The Shoshone-Bannock Tribes have submitted a position paper to the Idaho State Board of Education asking that the governor and state Legislature “take a stand and establish state policy to prohibit public schools from using these types of names as school mascots,” including savages, redskins, and Indians.
On June 26, tribal spokesperson Randy’L Teton said at a public forum in Driggs that the tribe was looking to launch a statewide effort to eliminate the use of Native Americans and Native American imagery from public schools. In follow-up conversations with the Teton Valley News, Teton said that the tribe hadn’t discussed the statewide initiative as of July 19, three days after the Teton County School Board voted to eliminate the use of the name Redskin from Teton High School. She said in a July 19 text message to the Teton Valley News that the tribe had only identified schools that use Native American names as mascots.
“The tribe wrote the paper before working with the Teton School Board and the Driggs community on their Redskins mascot,” Teton said to the Statesman.
“After months of divisive debate, tearful testimony and meetings that stretched long into the night, she said the tribe wants to work with schools, not against them,” the Statesman reported.
Teton did not immediately return a request for comment from the Teton Valley News.
The three-page letter reads that the Fort Hall Business Council, the governing body for the Shoshone-Bannock Tribes, “officially oppose the use of racial misappropriations of the terms referring to Native Americans. It is disheartening to see that in 2019 the racial controversy continues.”
The letter further refutes the notion that using such mascots “honors” Indian people and “is grossly inaccurate,” a position that many in Teton Valley have used to work to keep the Redskin mascot.
In the position paper the tribe identifies eight high schools that use Native American mascots including Pocatello High School, Salmon, Riggins, Shoshone, Preston, Buhl and Boise High School who uses the mascot, the Braves.
The Statesman reported that the position paper did not include the “Warriors of Meridian and Kootenai, nor the Nezperce Indians.” Teton told the Statesman, “the tribe worked from a directory of Idaho schools on the state activities association’s website and could have missed some.”
“The tribe’s position paper also asked the State Board to require mandatory Native American history in its high schools, not just in elementary school. It offered its own tribal education and cultural staff to assist developing those classes and diversity training,” the Statesman reported.
The tribe offered those types of educational assistance to the Teton County School District during mascot discussion in Driggs.
It was five months ago that a member of the public asked that the Teton County School Board take up the idea of changing the Redskin name. It was six years this month that the school board took up the discussion that had been tabled in 2013.
Since March, the community has responded in a variety of ways to the impending mascot decision as students hosted walk-outs at the high school to support the name, while the student newspaper changed its name from the War Cry to distance itself from the word Redskin. In June, two independent community forums were hosted, one with the Native American Guardians Association, a pro-Redskin nonprofit and another forum called the Native American Perspective where a panel of participating Native American members said the mascot should change.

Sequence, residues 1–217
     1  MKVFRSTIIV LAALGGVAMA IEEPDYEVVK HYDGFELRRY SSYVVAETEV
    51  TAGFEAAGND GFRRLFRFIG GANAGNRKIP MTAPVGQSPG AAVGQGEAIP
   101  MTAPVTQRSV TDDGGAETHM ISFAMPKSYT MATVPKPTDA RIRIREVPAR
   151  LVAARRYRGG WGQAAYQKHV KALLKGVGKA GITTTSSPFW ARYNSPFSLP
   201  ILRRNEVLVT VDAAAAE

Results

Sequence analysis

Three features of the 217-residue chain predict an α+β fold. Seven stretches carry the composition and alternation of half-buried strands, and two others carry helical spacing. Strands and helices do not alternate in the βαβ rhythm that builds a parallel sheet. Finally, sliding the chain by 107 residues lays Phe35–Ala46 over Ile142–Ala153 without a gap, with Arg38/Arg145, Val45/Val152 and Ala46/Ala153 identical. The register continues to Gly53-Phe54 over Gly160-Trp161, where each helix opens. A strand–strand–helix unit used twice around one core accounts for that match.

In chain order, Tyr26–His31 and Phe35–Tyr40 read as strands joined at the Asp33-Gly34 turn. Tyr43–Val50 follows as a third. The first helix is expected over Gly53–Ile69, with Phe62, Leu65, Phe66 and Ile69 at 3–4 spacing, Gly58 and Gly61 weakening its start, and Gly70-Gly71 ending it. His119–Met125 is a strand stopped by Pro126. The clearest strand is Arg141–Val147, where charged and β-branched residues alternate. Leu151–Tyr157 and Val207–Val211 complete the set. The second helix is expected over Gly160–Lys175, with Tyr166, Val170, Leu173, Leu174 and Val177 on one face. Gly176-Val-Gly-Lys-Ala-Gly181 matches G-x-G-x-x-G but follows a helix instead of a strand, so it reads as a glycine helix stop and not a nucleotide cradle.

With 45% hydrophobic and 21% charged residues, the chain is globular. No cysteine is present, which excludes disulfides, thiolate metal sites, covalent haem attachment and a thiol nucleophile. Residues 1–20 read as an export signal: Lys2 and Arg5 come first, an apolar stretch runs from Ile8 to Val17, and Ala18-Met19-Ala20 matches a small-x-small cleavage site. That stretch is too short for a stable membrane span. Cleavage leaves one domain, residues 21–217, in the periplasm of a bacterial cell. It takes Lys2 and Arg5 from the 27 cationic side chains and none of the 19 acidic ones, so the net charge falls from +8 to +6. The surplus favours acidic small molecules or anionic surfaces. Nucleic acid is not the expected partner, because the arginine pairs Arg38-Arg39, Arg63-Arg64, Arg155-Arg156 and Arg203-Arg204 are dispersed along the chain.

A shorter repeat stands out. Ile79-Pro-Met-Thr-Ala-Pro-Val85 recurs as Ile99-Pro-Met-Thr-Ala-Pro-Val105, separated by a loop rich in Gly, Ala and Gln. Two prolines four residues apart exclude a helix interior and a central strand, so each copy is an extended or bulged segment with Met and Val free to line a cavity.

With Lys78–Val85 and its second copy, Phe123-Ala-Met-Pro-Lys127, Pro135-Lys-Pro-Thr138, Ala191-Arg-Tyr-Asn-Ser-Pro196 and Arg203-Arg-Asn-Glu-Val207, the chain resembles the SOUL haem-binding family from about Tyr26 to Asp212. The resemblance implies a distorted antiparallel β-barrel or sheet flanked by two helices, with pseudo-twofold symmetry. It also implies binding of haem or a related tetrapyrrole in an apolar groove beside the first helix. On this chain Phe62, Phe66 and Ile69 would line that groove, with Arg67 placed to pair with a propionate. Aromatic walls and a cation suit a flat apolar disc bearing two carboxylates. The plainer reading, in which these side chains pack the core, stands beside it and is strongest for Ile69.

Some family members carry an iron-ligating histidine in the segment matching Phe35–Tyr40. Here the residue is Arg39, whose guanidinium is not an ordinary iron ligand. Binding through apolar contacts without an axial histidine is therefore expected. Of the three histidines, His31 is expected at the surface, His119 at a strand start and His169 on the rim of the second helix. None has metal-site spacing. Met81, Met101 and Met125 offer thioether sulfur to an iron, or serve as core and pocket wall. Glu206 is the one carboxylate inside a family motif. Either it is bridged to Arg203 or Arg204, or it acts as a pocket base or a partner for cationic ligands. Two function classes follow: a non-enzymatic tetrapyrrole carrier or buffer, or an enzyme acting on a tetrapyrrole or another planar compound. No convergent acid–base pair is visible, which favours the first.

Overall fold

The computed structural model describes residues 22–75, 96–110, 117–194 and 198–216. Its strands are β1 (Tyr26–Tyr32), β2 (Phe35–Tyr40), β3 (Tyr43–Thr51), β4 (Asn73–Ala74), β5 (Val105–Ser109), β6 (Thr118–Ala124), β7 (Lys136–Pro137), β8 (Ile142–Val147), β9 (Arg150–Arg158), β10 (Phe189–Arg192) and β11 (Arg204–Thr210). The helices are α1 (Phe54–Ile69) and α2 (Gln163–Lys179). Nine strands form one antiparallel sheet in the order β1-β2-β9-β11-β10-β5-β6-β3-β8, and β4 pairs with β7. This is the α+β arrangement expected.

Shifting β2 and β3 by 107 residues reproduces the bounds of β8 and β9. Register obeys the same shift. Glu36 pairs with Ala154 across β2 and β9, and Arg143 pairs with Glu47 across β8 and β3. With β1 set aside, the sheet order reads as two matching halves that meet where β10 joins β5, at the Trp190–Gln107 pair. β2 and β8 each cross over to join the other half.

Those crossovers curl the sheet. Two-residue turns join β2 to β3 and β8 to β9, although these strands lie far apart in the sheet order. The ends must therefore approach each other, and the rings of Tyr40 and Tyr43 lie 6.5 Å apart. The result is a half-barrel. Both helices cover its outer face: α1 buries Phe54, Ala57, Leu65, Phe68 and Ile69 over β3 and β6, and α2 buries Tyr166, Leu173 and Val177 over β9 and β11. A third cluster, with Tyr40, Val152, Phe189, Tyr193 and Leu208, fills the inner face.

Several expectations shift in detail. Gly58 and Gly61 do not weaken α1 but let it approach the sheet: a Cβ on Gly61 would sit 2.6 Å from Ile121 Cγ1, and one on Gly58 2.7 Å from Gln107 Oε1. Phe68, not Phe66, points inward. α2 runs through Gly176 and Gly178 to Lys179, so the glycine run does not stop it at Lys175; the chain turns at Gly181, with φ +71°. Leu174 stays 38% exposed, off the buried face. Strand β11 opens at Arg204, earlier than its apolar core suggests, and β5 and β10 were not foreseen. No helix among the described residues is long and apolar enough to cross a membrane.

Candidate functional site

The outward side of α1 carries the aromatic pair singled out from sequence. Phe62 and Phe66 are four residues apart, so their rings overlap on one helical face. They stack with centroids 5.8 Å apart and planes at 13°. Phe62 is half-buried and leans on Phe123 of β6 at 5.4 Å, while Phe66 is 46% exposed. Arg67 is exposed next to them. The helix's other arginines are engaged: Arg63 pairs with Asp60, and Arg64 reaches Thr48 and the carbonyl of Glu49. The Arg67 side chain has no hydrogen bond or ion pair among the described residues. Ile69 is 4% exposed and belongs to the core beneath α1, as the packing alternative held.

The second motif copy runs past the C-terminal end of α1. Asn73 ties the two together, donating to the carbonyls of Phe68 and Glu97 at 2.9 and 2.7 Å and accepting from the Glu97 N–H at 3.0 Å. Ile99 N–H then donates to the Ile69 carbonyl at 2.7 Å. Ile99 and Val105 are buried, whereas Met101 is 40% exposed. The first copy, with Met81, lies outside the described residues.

The school board hosted two meeting in July which showcased the emotional divide in Teton County with many community members crying out that because they use the word Redskin, that did not make them racist. Community members, often dressed in “Save the Redskin” t-shirts, asked the school board to not change the mascot, that their financial support for the district would be pulled from levy and bonds votes if the mascot was changed.
The Save the Redskin group has maintained the position that, “We have a right to name our schools, teams, and clubs, anything we choose. Banning a trademark, whether registered or not, violates our First Amendment right to free speech. The Washington Redskins won the lawsuit against them on this basis. The fight has been fought and has been won,” read a newsletter from the group.
The local debate even saw state Rep. Chad Christensen (R-Ammon) put his weight behind the issue as he attended Save the Redskin rallies and wrote a letter to the Teton County School Board asking them not to change the mascot. In a recent Facebook post, Christensen wrote, “This lawmaker won’t be helping the Shoshone-Bannock Tribe.”
After the Teton School Board agreed to retire the Redskin mascot in a 4-1 vote last week, the National Congress of American Indians posted a thank you to Teton High School for retiring its mascot.
The July 16 decision also eliminated the use of taxpayer funds to remove the Redskin name while setting the stage for the board to create a plan to accomplish that goal with community input, said a press release issued by the district last week.
Superintendent Monte Woolstenhulme said the one-time cost estimate to replace “Redskin” in the district is $30,000 which would include removing and replacing district-provided signage and equipment, including athletic uniforms.
This Tuesday, the board will host another meeting to look at the next steps after the decision. In a press release issued by the Teton School District, the meeting will be held at 6 p.m. July 30 at the Driggs Elementary School. The board will again divide up community members into small groups for a more focused conversation with the public.